Two Explosions Crowded Intersection on Rocks in Mogadishu

NAIROBI, Kenya – At least 35 people were injured and many more killed when two explosions rocked the Somali capital Mogadishu, authorities and an ambulance service chief said Saturday, in Latest attack on city by government made a new big attack. – scale attack to fight Al Shabab terrorist group.

The explosions on Saturday afternoon happened near the Ministry of Education, near a busy junction where many businesses and government offices are located. Videos and photos shared on social networks and on national television station shows plumes of smoke rising from the area, with great devastation to nearby buildings and bloodstained people being carried away from the scene of the attack.

Sadik Dodishe, a spokesman for the national police, said at a press conference that police were still counting casualties but that those killed included women and children. Dr Abdulkadir Abdirahman Adan, founder of Aamin Ambulance, the only free ambulance transport service in the capital, said in an interview that the service has transported 35 injured people to different hospitals. He also said one of their ambulances was destroyed and its driver was injured in a second explosion.

“It was another tough day in Mogadishu,” said Dr. Adan.

In a statement, the Somali Journalists Syndicate said one journalist was killed and two others injured as they sped to cover the twin explosions. Mohamed Isse Koonaaa local Universal TV journalist, were killed, while Feisal Omar, a Reuters photographer, and Abdukadir Mohamed Abdulle, a freelance journalist for Voice of America, were wounded.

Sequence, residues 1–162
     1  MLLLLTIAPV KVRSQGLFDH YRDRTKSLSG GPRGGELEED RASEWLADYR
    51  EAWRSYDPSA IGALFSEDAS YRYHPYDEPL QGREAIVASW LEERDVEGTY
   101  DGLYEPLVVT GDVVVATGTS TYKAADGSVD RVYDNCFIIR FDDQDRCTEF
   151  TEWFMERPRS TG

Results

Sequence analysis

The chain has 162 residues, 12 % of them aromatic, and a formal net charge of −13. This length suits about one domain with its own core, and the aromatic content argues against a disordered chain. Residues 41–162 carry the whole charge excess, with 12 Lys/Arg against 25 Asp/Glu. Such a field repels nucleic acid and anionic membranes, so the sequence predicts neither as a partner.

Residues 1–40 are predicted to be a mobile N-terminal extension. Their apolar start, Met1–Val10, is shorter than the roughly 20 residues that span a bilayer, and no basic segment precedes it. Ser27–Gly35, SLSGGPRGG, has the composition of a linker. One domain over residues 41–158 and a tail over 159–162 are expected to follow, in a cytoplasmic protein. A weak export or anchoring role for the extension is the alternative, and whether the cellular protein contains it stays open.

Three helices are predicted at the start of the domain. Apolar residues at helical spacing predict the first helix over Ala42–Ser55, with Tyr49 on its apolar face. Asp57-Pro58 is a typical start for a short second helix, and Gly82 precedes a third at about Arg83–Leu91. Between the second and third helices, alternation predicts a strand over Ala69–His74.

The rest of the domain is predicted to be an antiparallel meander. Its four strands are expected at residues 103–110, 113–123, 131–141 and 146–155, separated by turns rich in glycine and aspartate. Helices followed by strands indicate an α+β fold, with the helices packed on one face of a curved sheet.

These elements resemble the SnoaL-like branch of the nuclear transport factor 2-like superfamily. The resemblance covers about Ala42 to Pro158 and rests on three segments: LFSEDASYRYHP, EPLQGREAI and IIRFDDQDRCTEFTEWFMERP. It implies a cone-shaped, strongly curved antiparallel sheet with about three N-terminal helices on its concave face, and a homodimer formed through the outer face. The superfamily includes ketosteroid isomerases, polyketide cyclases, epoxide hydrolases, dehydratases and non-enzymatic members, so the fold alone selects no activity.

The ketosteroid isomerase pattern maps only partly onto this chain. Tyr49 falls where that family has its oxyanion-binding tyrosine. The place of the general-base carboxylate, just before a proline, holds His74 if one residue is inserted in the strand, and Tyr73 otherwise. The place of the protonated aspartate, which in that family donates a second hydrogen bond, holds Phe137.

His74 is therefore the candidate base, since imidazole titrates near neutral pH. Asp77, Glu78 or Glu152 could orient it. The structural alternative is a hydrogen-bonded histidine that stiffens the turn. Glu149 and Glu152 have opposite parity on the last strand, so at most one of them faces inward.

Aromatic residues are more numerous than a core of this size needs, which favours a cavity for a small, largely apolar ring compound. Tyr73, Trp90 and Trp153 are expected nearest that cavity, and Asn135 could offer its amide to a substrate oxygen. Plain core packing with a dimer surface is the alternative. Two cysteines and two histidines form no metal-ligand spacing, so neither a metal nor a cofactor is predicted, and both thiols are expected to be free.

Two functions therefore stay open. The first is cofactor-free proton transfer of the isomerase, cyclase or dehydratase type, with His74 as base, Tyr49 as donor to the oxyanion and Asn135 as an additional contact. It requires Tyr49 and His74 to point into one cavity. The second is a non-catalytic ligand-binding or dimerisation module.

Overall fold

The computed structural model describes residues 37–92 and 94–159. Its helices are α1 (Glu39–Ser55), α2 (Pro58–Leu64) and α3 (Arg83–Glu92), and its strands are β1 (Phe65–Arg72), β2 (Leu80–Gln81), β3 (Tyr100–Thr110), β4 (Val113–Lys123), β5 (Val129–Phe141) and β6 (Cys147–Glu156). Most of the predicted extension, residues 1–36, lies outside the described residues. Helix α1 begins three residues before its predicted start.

No group has yet claimed responsibility for Saturday’s attack, but the Qaeda-linked Al Shabab group has previously carried out similar attacks in the capital. The group has especially stepped up attacks on civilian and government organizations after the newly elected Somali president, Hassan Sheikh Mohamud, announced an all-out attack on the group.

Besides drawing on Somali and African Union forces as well as receiving air support from the United States, Hassan’s government also enlisted the support of local ethnic militias to defeat Al-Qaeda. Shabab.

His government has also stepped up efforts to stifling Shabab’s financesrestrict the use of formal banking services, and strengthen legislation to tackle terrorism financing. Authorities said they had frozen or closed several accounts linked to the group and were still looking for more. They also threatened to fine businesses that pay extortion fees to Al Shabab, issue directives to restrict local media coverage of the group, and announced the suspension of some linked social media accounts. with them.

In recently liberated areas, authorities are also urging people to call the tip line to report and identify those who used to collect money on behalf of Al Shabab.

The group responded to the latest attack by ramping up attacks.

In August, it carried out one of the longest attacks in the capital, killing 21 people during a 30-hour siege of the hotel. This month, it claimed responsibility for a series of attacks in the central town of Beledweyne that left at least 20 people dead and dozens more injured. And with Somalia on the brink of famine and nearly half the population starving, authorities have also accused the group of burning food trucks and destroying wells and boreholes.


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